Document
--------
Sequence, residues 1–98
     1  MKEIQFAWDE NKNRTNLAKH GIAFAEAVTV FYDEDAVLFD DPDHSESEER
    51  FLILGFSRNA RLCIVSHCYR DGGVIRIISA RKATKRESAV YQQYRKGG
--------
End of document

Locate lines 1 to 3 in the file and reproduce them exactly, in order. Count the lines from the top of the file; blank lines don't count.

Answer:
Sequence, residues 1–98
     1  MKEIQFAWDE NKNRTNLAKH GIAFAEAVTV FYDEDAVLFD DPDHSESEER
    51  FLILGFSRNA RLCIVSHCYR DGGVIRIISA RKATKRESAV YQQYRKGG